Reversing Roles Without Turn Signals

Picture sitting in front of your computer, a steamy cup of ‘joe’ at your elbow and the scent of blueberry bagel slathered in cream cheese wafting gently beneath your nose.  You’ve been up for several hours and the story that has been withholding itself from you since the day before yesterday has finally conceded to make the twenty inch drop from your head to the key board beneath your fingertips.

Wildly your fingers fly over its painted keys, their rat-a-tat-tat message suddenly reminding you of the scene from “You’ve Got Mail” where Frank Navasky is trying to justify to Kathleen Kelly his purchase of yet another Olympic Rapid deLuxe typewriter. A secret smile back lights your eyes as the moment gives you pause and forces you to acknowledge,  that if really pressed, there are days you could probably stunt double that scene.

Let’s face it,  when your over forty nostalgia kicks in whether you like it or not, and the moments when the past seems grander than the present are coming at you faster and faster every day.

 But the professional in you knows better than to give into the time robbing bandits of distraction, so you lose the smile, suck in that extra ten pounds you put on during your spring coma and lean into that story for all your worth. Time flies and before you know it the coffee’s gone cold, the cream cheese is beginning to resemble a dried up watering hole, and you are blissfully lost within the vortex of the creative muse.

This is why that soft tapping sound on your office door goes unnoticed until finally, in desperation, the person on the other side opens it just enough to poke their silvery grey head through and ask, “Are you busy right now? I’ve got a problem on my computer and it won’t let me do that thing you told me I needed to do before …what was it you told me I was supposed to do?”

Without any conscious thought on your part a sigh escapes your lips as you feel yourself brutally pulled out of the zone. Within seconds your grasp on the muse is loosed and all she has brought with her is gone. A childish explant of frustration finds its way from between clenched jaws; and just as quick you silently thank God that your mother is all but deaf and therefore  didn’t hear you say what you would have keel hauled your own child for.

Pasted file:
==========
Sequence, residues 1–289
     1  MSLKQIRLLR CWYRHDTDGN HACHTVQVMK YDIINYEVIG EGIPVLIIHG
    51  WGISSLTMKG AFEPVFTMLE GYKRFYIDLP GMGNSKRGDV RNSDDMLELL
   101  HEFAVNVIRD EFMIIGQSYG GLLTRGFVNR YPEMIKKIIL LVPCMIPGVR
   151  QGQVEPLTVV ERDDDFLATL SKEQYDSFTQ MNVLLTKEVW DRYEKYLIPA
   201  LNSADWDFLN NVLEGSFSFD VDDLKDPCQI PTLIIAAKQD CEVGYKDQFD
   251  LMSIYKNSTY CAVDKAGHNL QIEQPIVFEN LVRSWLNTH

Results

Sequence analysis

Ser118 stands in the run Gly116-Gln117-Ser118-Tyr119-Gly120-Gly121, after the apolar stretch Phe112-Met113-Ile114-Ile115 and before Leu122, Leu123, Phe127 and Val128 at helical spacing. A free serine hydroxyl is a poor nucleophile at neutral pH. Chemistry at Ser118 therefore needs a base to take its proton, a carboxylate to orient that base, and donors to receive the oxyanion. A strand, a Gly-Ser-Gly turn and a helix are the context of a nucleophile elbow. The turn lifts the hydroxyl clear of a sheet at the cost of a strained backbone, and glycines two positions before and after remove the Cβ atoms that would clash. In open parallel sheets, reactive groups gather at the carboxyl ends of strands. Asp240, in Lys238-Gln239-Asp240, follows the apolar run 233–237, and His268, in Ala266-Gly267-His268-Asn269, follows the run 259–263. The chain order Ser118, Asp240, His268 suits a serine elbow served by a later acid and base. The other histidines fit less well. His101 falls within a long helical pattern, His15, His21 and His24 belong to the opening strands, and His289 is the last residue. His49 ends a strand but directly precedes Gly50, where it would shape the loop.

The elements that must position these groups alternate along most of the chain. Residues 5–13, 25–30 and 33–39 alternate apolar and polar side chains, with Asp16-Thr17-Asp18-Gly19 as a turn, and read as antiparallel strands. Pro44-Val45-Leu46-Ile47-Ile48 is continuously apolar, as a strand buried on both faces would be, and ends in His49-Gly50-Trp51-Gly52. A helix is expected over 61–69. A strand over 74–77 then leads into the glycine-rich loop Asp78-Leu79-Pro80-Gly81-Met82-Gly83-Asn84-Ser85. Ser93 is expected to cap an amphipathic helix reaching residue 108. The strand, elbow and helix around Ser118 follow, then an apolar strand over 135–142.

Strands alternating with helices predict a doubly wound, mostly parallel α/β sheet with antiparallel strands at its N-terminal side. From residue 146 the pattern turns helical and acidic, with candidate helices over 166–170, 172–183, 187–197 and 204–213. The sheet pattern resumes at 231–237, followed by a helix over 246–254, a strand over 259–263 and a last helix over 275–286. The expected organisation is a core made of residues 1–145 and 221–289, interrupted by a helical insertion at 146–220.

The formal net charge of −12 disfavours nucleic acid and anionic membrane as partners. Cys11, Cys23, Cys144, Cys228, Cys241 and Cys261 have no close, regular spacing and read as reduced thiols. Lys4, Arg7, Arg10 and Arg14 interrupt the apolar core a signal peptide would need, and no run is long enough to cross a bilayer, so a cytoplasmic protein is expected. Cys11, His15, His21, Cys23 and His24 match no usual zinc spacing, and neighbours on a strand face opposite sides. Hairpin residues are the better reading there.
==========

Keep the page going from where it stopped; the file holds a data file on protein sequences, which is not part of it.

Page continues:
In what seemed like only yesterday,  we were asking our parents advice and watching them pose with the grandchildren for the family photo shoot. The next day we are doling out their medications, helping them negotiate the highway of doctor visits – memory specialist – colon councilors and cardio magicians. Without either of us being aware of how or when, the role between ourselves and our parents has become reversed and no one bothered to inquire if either of us minded.

I don’t know about yours, but it’s been a challenge for mine. Raised during the depression, taught to be independent, hardworking, tax paying citizens as well as upright Republicans, they are now struggling to remember where they put the car keys, if today is Monday or Friday and how did the coffee pot get out on the back porch?

Who would have thought that these pillars of strength and bastions of wisdom would find themselves so dependent upon their grown children? Was there any warning or indication that Godly living and faithful parenting would reward their later years with beginning dementia and failing autoimmune systems?

Don’t get me wrong. I may sigh and murmur when I’m in the zone and my mother needs to stop what I’m doing in order to show her how to turn off her Yahoo account, but it only takes a minute to remember that these two individuals who can no longer navigate their way down freeways and through roundabouts are still the same individuals who believed in me even when I struggled to believe in myself.

So I get up from my desk, go slay the dragon on my mom’s computer and remind myself that the muse is still trapped within my head, and if I’m patient, she and her friends will find their way back to my keyboard sooner than later.

From the laptop of an uncensored dreamer


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